is below this banner.

Can't find a solution anywhere?

NEED A FAST ANSWER TO ANY QUESTION OR ASSIGNMENT?

You will get a detailed answer to your question or assignment in the shortest time possible.

## Here's the Solution to this Question

Consider a relation $R = \{(p,p) ,(q,p),(q,q),(r,r),(r,s),(s,s) ,(s,m) ,(m,m)\}$ on the set $A=\{p,q,r,s,m\}$.

1. Let us state the steps of the Warshall's algorithm:

1. Let $W:=M_R,\ k:=0.$

2. Put $k:=k+1.$

3. For all $i\ne k$ such that $w_{ik}=1$ and for all $j$ let $w_{ij}=w_{ij}\lor w_{kj}.$

4. If $k=n$ then stop and $W=M_{R^*},$ else go to step 2.

Let us find transitive closure of the relation $R$ using Warshall's algorithm:

$W^{(0)}=M_R =\begin{pmatrix} 1 & 0 & 0 & 0 & 0 \\ 1 & 1 & 0 & 0 & 0\\ 0 & 0 & 1 & 1 & 0\\ 0 & 0 & 0 & 1 & 1\\ 0 & 0 & 0 & 0 & 1 \end{pmatrix}$

$W^{(1)} =\begin{pmatrix} 1 & 0 & 0 & 0 & 0 \\ 1 & 1 & 0 & 0 & 0\\ 0 & 0 & 1 & 1 & 0\\ 0 & 0 & 0 & 1 & 1\\ 0 & 0 & 0 & 0 & 1 \end{pmatrix}$

$W^{(2)} =\begin{pmatrix} 1 & 0 & 0 & 0 & 0 \\ 1 & 1 & 0 & 0 & 0\\ 0 & 0 & 1 & 1 & 0\\ 0 & 0 & 0 & 1 & 1\\ 0 & 0 & 0 & 0 & 1 \end{pmatrix}$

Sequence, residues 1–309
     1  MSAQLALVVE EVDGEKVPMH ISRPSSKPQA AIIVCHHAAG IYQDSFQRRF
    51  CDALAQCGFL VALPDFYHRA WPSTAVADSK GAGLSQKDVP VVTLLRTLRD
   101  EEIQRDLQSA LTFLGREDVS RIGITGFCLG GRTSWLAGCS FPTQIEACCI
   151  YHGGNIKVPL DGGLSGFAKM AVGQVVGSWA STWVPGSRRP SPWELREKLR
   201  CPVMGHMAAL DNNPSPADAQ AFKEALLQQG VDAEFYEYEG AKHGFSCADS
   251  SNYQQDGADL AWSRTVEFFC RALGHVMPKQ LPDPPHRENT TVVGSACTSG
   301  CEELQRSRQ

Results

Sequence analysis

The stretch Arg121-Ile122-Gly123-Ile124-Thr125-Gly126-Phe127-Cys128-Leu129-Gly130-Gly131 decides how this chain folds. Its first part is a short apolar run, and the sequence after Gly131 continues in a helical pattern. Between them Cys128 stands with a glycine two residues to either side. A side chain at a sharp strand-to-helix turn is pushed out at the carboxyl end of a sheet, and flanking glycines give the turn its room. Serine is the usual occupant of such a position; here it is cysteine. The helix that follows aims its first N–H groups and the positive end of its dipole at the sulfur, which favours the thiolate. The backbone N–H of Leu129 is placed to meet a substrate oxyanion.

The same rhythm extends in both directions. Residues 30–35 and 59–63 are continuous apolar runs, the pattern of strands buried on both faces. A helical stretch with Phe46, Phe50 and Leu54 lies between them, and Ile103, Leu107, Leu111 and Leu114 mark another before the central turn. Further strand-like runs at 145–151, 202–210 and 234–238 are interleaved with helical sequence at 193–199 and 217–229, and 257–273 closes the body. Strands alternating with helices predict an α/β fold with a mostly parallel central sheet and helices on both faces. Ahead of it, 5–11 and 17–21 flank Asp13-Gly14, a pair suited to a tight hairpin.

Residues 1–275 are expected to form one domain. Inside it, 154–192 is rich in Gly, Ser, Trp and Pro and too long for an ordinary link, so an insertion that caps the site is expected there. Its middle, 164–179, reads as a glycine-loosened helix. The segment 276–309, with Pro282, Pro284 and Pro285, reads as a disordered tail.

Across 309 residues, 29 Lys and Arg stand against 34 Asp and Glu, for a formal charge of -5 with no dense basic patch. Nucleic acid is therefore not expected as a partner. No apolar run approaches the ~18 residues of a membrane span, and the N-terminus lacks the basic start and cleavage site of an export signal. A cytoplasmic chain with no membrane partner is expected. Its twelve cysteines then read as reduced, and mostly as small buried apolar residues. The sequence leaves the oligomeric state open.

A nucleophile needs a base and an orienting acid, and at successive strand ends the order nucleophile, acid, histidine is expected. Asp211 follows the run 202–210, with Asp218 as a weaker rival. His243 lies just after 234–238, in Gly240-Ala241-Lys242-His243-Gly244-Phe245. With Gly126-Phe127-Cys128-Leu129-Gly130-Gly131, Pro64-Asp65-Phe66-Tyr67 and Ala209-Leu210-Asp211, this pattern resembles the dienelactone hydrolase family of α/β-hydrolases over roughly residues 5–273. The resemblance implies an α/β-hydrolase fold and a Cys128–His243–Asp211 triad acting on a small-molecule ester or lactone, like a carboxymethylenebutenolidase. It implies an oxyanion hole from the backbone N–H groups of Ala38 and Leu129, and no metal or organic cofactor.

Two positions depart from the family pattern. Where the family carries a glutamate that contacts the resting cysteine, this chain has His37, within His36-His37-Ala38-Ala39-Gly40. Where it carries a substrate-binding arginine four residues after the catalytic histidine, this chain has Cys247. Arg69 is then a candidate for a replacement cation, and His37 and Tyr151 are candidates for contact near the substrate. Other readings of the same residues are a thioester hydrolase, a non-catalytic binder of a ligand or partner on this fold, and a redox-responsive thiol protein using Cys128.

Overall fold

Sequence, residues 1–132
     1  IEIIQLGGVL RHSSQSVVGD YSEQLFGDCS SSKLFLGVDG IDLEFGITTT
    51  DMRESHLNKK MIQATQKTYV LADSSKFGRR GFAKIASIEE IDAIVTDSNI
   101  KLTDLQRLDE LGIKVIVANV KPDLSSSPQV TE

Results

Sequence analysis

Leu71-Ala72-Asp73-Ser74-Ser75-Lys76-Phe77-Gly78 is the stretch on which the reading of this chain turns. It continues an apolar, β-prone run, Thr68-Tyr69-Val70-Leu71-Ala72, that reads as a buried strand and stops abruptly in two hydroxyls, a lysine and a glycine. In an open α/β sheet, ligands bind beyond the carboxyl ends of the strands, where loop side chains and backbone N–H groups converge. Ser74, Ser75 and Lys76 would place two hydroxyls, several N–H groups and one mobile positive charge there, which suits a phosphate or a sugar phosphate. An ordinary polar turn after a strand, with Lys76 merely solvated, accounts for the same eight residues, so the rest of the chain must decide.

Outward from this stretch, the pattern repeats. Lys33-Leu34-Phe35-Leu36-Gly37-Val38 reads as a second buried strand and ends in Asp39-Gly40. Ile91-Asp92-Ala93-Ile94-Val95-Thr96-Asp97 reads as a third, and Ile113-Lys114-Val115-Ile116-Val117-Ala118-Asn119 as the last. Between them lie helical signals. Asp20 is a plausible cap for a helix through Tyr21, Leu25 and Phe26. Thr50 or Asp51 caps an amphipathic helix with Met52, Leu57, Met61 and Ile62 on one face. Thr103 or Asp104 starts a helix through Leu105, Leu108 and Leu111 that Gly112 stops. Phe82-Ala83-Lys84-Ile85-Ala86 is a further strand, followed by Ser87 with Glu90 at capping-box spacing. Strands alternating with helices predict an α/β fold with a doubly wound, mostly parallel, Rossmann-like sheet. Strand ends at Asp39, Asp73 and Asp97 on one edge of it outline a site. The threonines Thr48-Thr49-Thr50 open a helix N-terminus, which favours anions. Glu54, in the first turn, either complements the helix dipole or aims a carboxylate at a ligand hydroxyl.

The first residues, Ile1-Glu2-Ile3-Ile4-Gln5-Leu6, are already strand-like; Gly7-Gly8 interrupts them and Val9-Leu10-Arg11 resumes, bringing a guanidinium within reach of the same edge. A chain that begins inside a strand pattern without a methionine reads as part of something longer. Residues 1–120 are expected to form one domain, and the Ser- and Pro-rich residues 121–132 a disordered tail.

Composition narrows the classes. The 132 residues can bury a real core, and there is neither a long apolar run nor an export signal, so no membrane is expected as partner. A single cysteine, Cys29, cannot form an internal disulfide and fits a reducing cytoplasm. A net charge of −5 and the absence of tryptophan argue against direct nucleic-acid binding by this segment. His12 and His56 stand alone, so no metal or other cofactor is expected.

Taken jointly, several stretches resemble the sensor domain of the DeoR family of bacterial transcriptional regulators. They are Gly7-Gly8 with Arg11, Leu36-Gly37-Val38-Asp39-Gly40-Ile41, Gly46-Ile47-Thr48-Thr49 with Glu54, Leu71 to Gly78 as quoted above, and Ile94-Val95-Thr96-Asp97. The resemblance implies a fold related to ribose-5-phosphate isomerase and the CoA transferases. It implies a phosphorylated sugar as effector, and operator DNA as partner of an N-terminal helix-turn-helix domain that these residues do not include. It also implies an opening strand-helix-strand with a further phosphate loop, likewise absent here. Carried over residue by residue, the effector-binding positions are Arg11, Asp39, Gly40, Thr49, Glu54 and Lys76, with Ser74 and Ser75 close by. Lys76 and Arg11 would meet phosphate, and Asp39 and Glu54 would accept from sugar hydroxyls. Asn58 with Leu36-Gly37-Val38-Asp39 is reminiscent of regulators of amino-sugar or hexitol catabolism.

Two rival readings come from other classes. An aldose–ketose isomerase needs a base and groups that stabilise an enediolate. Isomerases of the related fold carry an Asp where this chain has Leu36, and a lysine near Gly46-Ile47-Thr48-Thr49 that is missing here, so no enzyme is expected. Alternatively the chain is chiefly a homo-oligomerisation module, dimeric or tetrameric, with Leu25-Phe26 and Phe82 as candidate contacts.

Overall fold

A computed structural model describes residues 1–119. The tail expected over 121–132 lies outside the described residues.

$W^{(3)} =\begin{pmatrix} 1 & 0 & 0 & 0 & 0 \\ 1 & 1 & 0 & 0 & 0\\ 0 & 0 & 1 & 1 & 0\\ 0 & 0 & 0 & 1 & 1\\ 0 & 0 & 0 & 0 & 1 \end{pmatrix}$

$W^{(4)} =\begin{pmatrix} 1 & 0 & 0 & 0 & 0 \\ 1 & 1 & 0 & 0 & 0\\ 0 & 0 & 1 & 1 & 1\\ 0 & 0 & 0 & 1 & 1\\ 0 & 0 & 0 & 0 & 1 \end{pmatrix}$

$M_{R^*}=W^{(5)} =\begin{pmatrix} 1 & 0 & 0 & 0 & 0 \\ 1 & 1 & 0 & 0 & 0\\ 0 & 0 & 1 & 1 & 1\\ 0 & 0 & 0 & 1 & 1\\ 0 & 0 & 0 & 0 & 1 \end{pmatrix}$

It follows that $R^*= \{(p,p) ,(q,p),(q,q),(r,r),(r,s), (r,m),(s,s) ,(s,m) ,(m,m)\}.$

2. Let us write the matrix representation of $R^*.$ It follows from the previous item that

$M_{R^*} =\begin{pmatrix} 1 & 0 & 0 & 0 & 0 \\ 1 & 1 & 0 & 0 & 0\\ 0 & 0 & 1 & 1 & 1\\ 0 & 0 & 0 & 1 & 1\\ 0 & 0 & 0 & 0 & 1 \end{pmatrix}$

3. Let us check whether the relation of $R^*$ is an equivalence relation.

Since $(q,p)\in R^*$ but $(p,q)\notin R^*,$ we conclude that the relation is not symmetric, and hence it is not an equivalence relation.

Let us check whether the relation of $R^*$ is a partial order.

Since $\{(p,p),(q,q),(r,r),(s,s) ,(m,m)\}\subset R^*,$ the relation $R^*$ is reflexive. Taking into account that $(a,b)\in R^*$ and $(b,a)\in R^*$ imply $a=b$ for any $(a,b),(a,b)\in R^*$, we conclude that this relation is antisymmetric. Since $R^*$ is the transitive closure, it is transitive.

We conclude that $R^*$ is a partial order.